Rancho Palos Verdes Document Shredding & E-Waste Disposal

Rancho Palos Verdes Document Shredding & E-Waste Disposal

household hazardous

The City of Rancho Palos Verdes will be hosting a Composting Workshop, Document Shredding and E-Waste Disposal for residents during April and May.  Document shredding and e-waste disposal are important for Palos Verdes homes owners.  This gives Palos Verdes homes owners us an opportunity to dispose of articles that cannot be picked up at regular trash collections.

On Saturday, April 2, 2016, from 9:30 a.m. to 11:00 a.m., the city will be offering a Composting Workshop for residents at Hesse Park located at 30940 Hawthorne Blvd, Rancho Palos Verdes.

Rancho Palos Verdes residents will have the opportunity on Saturday, April 23, 2016, to have their documents shredded by EDCO and the City of Rancho Palos Verdes.  They are sponsoring this free document paper shredding from 8:00 a.m. to 11:00 a.m. at the Rancho Palos Verdes Civic Center.  The center is located at 30940 Hawthorne Blvd, Rancho Palos Verdes.  This drop-off is for Rancho Palos Verdes residents only.  Residents can safely dispose of personal documents right there on  site.  You can bring up to three “bankers” boxes per household.

The annual Household Hazardous Waste Roundup will take place on Saturday, May 14, 2016, from 9:00 a.m. to 3:00 p.m. at the Rancho Palos Verdes Civic Center.  Some of the acceptable items include paint, batteries, old televisions, computers, and old prescriptions.

For year round Household Hazardous Waste & Electronics Waste Disposal, you can go to the Gaffey Safe Center located at 1400 N. Gaffey Street, San Pedro.  They are open on Saturday and Sunday from 9:00 a.m. to 3:00 p.m.

To read my prior article on Document Shredding & E-Waste Disposal click here.

Photo courtesy of the Palos Verdes City Newsletter

 

 

 

 

 

 

Palos Verdes Home Improvements Cost vs Value 2016

Palos Verdes Home Improvements Cost vs Value 2016

Photo courtesy of Arvin Design

Do you want the highest sales price for your Palos Verdes home?  In addition to a realistic listing price, it is important to declutter/stage your home along with possible home improvements.  Which home improvements and remodeling projects give the greatest return on investment?  For owners of Palos Verdes homes (and Los Angeles County) who choose upscale remodeling, the top three projects for 2015-2016 are a little different from last year.  The remodeling project with the highest return on investment is Garage Door replacement at a 114.6% return followed by Siding Replacement (engineered) at a 90.1% return, and Grand Entrance (fiberglass) at an 87.5% return according to Remodeling Magazine’s “Remodeling 2016 Cost vs Value Report” (www.costvsvalue.com) © 2016 Hanley Wood Media Inc.  Curb appeal is important to buyers who are getting the first impression of your home.  In the midrange category, Manufactured Stone Veneer received the number one return on investment at an outstanding 127.5%!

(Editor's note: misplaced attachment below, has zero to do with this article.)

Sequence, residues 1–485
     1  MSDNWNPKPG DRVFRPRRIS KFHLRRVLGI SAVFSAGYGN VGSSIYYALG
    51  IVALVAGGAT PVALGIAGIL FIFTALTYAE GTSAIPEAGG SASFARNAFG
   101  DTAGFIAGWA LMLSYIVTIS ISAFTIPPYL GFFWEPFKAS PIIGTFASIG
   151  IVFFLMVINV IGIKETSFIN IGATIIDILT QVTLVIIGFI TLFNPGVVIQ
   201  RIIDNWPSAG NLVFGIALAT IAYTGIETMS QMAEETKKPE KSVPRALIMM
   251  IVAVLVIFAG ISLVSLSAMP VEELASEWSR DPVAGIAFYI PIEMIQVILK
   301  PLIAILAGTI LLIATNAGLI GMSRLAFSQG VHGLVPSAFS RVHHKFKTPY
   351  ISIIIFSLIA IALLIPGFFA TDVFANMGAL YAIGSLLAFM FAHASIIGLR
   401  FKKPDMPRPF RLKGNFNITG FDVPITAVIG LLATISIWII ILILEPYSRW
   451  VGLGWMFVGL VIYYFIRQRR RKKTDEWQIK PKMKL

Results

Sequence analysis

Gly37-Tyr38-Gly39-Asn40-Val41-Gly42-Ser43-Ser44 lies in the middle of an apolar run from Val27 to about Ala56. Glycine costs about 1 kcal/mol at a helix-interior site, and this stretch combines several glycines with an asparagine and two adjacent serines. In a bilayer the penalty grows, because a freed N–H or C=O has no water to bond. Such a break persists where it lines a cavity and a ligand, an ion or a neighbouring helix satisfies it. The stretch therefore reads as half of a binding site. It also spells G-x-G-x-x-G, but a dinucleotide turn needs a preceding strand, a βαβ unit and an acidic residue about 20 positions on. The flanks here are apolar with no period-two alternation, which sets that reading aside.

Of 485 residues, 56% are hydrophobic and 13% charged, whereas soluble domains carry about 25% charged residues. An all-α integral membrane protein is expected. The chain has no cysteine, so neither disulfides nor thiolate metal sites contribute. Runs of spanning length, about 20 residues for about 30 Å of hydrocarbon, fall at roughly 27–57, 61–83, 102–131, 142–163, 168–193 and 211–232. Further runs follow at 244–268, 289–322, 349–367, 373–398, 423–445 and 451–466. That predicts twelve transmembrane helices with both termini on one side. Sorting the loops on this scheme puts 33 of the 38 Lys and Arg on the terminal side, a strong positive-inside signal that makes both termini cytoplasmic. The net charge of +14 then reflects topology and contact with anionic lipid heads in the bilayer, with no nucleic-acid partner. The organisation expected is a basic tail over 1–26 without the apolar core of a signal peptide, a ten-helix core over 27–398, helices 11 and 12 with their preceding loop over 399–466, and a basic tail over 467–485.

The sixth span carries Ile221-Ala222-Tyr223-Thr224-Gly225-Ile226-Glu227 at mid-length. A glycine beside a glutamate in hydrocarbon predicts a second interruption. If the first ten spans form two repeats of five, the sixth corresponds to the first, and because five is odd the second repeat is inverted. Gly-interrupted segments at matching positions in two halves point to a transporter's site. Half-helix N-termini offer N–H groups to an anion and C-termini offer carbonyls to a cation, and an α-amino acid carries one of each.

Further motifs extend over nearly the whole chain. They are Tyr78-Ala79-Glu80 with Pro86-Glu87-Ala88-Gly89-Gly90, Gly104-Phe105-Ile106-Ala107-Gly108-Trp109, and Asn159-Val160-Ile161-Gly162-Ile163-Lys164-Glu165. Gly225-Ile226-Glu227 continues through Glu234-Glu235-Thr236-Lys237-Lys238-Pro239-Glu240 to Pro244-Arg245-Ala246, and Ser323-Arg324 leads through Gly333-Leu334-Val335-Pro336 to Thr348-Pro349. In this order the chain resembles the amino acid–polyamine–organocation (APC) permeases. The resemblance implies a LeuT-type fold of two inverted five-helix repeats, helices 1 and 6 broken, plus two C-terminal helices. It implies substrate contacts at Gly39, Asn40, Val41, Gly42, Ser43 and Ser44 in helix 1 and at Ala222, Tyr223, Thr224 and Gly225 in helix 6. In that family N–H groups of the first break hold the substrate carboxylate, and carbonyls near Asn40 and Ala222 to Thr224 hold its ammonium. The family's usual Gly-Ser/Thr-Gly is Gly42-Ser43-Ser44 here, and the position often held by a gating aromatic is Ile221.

Of the top 12 upscale remodeling projects with the best return on investment for Los Angeles County, 7 are under $25,000 and include both vinyl & wood window replacement, siding replacement (engineered, foam-backed vinyl & fiber-cement), garage door replacement and grand entrance (fiberglass).  A Master Suite Addition which is the most expensive at $281,285 only nets a 76.7% return.

Owners of Palos Verdes real estate remodel for different reasons, like the need for more space, to improve the functionality of specific rooms and to update them.  Kitchen and bathrooms are usually the most expensive remodel as plumbing and/or appliances need to be moved and/or replaced.  There is no specific report for Palos Verdes homes but there is a Remodeling 2016 Cost vs Value Report (www.costvsvalue.com) for Los Angeles County which is broken down into Midrange priced projects and Upscale priced projects.  When you go to the site (www.costvsvalue.com), choose Pacific region and then Los Angeles.  You will be prompted to register before gaining access to the report.  The beginning of the Report has descriptions of individual projects (both mid-range and upscale) and you can them compare to your own.

Remodeling just for resale rarely nets you a dollar for dollar return.  Most remodels are done for the enjoyment of the homeowner (who still wants to maximize their return when they do sell).  My experience is that most buyers are looking for newer kitchens, bathrooms, master suites and nice yards.  Curb appeal is also important because it is the buyer’s first impression of the home.

To read my prior article on Cost vs Value 2015, click here.